Citigroup Chief Economist Explains Brexit

Willem Buiter says Brexit could lead to unraveling of whole European Union
July 15, 2016 Last Updated: July 15, 2016

The chief economist of Citigroup is not your average economist. Yes, Willem Buiter studied plenty of economic theory at Yale and Cambridge, but then he says funny things like the New York State Driving Test was his “greatest educational achievement.”

He is also very outspoken for someone who works for one of the biggest banks in the world. He thinks Citigroup “must have decided that it was better to have somebody who tells the truth occasionally than to have somebody who tells what people want to hear.”

Epoch Times spoke to Mr. Buiter about Brexit and its consequences, bankrupt banks in Europe, and how bailouts should be done without getting the taxpayer involved.

The extend and pretend game gets challenged periodically and this is one of these times.
— Willem Buiter, chief economist, Citigroup

Epoch Times: Why is Brexit responsible for the share price decline in European banks and volatility in financial markets?

Willem Buiter: The European banking sector, with some exceptions, but across the board, is undercapitalized right now. This can be hidden, suppressed in an extend and pretend, delay and pray manner as long as market conditions are orderly.

People forget about the risk posed by massive leverage ratios and by risk-weighted capital ratios that are probably overstating the amount of capital you have because the risk weights are highly dodgy but also likely to evaporate when the risk actually goes up.

So Brexit was a reminder of the fragility of the European Union (EU), including the eurozone. If Brexit can happen then Frexit could happen. That immediately affects the cross-border banks, the banks that have had significant exposure in different parts of the euro area. They could be suddenly subject to wild currency fluctuations as new currencies are created out of nothing.

It hits the European banks just as the fragility of the U.K. and its risk of breaking up hits the British banks first and foremost.

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Citigroup Chief Economist Willem Buiter giving an interview to Epoch Times in New York on July 6, 2016. (Epoch Times)

Epoch Times: What will happen to Britain?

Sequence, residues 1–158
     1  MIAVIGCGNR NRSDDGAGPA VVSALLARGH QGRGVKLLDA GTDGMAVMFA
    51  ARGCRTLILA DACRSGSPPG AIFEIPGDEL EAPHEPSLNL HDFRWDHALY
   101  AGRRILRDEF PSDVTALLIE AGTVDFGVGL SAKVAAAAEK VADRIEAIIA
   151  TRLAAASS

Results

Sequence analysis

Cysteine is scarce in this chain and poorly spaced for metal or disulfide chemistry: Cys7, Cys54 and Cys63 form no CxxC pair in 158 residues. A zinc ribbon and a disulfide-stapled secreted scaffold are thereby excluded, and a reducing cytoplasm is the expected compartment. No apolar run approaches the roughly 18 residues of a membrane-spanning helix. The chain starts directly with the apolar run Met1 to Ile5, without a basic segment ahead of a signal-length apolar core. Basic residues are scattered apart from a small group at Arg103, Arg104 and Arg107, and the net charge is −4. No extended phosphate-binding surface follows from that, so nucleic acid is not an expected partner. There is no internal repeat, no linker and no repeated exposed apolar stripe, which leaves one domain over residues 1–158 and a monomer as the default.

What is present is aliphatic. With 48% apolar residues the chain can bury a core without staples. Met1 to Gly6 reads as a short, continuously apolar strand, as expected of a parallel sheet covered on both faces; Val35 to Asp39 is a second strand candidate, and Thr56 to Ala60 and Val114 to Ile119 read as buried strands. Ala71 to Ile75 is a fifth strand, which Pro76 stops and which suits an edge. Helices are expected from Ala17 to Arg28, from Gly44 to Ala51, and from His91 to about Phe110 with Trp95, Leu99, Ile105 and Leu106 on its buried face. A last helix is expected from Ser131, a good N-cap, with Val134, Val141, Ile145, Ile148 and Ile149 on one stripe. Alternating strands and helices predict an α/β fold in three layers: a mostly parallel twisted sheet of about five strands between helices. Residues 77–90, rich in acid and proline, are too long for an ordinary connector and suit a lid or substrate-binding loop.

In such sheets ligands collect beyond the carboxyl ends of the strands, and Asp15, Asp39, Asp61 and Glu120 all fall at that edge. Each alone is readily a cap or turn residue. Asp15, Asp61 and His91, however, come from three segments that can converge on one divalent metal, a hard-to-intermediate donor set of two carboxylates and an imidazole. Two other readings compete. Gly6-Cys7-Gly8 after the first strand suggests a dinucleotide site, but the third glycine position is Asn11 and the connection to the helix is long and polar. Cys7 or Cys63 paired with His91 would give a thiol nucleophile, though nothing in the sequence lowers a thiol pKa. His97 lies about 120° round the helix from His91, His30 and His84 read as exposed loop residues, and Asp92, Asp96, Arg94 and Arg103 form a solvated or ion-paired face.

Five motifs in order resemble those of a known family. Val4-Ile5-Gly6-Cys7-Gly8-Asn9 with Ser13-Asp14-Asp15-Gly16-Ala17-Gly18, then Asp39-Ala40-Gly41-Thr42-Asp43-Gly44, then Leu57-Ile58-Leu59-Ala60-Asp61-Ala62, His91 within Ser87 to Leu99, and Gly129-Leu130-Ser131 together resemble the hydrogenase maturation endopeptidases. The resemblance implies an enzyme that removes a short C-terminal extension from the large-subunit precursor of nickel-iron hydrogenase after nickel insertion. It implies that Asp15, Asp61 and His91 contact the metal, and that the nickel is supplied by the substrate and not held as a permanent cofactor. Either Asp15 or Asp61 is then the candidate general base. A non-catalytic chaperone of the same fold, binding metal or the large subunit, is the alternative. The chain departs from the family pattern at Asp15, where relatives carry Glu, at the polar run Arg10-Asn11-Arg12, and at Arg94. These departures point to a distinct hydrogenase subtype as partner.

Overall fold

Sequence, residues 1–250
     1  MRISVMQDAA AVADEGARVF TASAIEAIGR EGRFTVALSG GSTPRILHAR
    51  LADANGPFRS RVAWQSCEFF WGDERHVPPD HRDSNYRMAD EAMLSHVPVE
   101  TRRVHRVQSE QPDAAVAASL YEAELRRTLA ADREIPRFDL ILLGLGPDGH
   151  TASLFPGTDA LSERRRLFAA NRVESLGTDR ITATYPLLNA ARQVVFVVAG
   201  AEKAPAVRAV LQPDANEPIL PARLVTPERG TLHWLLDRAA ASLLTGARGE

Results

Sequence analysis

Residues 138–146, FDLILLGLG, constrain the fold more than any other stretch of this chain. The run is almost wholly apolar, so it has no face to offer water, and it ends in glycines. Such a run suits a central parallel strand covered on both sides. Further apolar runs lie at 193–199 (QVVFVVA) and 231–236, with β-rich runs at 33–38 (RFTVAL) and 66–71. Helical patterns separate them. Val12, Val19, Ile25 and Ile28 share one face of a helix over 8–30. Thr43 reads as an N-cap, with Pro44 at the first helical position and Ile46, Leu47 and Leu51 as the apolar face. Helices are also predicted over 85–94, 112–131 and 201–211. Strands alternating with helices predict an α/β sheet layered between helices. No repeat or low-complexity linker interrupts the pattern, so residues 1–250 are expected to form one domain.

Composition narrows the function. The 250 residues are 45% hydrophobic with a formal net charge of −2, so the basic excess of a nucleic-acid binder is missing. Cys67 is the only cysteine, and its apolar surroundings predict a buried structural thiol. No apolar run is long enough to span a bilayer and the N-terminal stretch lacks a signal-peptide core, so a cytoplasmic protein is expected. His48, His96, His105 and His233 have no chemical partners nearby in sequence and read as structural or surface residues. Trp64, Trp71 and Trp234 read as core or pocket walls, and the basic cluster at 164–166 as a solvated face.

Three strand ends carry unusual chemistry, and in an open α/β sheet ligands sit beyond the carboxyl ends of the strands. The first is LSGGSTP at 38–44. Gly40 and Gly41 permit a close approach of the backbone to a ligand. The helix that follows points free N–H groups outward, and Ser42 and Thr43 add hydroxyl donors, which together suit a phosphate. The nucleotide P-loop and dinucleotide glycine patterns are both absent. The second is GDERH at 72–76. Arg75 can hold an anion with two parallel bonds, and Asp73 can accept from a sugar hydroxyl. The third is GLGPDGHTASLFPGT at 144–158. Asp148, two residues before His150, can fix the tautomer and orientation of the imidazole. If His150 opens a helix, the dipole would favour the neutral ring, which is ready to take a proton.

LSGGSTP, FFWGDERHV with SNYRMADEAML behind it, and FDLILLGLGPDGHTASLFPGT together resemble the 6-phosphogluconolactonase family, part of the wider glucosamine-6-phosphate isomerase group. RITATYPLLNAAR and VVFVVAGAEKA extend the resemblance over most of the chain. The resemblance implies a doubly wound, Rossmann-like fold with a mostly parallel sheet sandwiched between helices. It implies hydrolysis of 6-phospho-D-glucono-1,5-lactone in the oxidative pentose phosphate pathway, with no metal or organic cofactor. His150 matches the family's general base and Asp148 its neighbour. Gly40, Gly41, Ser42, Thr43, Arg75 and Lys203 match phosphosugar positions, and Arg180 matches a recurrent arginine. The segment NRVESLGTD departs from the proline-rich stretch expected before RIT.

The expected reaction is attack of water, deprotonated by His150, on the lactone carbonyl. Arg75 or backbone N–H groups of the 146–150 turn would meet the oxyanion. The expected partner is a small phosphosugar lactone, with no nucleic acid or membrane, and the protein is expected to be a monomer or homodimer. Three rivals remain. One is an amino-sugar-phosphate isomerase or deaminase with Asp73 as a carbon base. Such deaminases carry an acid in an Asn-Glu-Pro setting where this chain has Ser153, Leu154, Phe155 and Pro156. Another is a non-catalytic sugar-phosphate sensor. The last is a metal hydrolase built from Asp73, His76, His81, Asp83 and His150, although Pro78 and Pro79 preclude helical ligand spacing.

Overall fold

Mr. Buiter: Well, for the pound you know the consequences, right? It was trading in the mid $1.40s when they started, and it is now at $1.30 and will probably go down further.

So no doubt this is a big blow, a big recessionary, contractionary blow to economic activity in Britain simply because of the uncertainty about what is next.

What is the new relationship with the European Union, the new trading relationship with the rest of the world outside the EU, what is going to happen to the U.K.?

Capital expenditure will tank; saving rates will go up in the face of the increasing uncertainty. The most affected sector is likely to be London. If London is not the beneficiary of passporting into the EU, then the British banks will be at a significant competitive disadvantage.

If the EU-27 will try again to restrict the ability of London to trade euro derivatives and euro instruments internally, that will be a blow for London.

To a certain extent you can compensate for that. The Chancellor of the Exchequer has already announced a plan to cut corporate tax rates to almost Irish levels.

This is thoroughly bad news for the U.K., for London.
— Willem Buiter, chief economist, Citigroup

The key is that they can start the regulation war with the EU offering terms and conditions for banking and financial institutions that will make it attractive to be there.

So these things have consequences too. If you become a deregulated paradise, you will become financially fragile. We have seen that before. So I think there really is no hiding place. This is thoroughly bad news for the U.K., for London.

Especially if it spreads and if there is a risk of it spreading a further unraveling of the EU, it is going to be bad news for the rest of the EU. The same uncertainty will take hold.

Investments will be subdued, saving rates will go up, and the willingness to take risks will be diminished. So this is thoroughly bad news. There is no good side to it.

Epoch Times: Why are European banks so vulnerable?

Mr. Buiter: There has been no adequate recapitalization of the euro area banking system. There are still huge capital holes which are being covered with the mantle of love and discretion. The extend and pretend game gets challenged periodically and this is one of these times.